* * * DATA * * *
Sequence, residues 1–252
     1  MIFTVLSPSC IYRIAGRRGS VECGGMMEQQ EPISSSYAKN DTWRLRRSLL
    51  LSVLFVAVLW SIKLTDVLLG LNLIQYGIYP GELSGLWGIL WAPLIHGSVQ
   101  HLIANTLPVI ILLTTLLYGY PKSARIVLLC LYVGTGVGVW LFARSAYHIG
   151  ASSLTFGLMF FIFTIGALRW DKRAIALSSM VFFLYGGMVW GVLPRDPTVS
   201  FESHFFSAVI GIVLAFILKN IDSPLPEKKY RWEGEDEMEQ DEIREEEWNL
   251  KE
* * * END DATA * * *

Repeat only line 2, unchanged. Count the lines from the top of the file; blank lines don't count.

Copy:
     1  MIFTVLSPSC IYRIAGRRGS VECGGMMEQQ EPISSSYAKN DTWRLRRSLL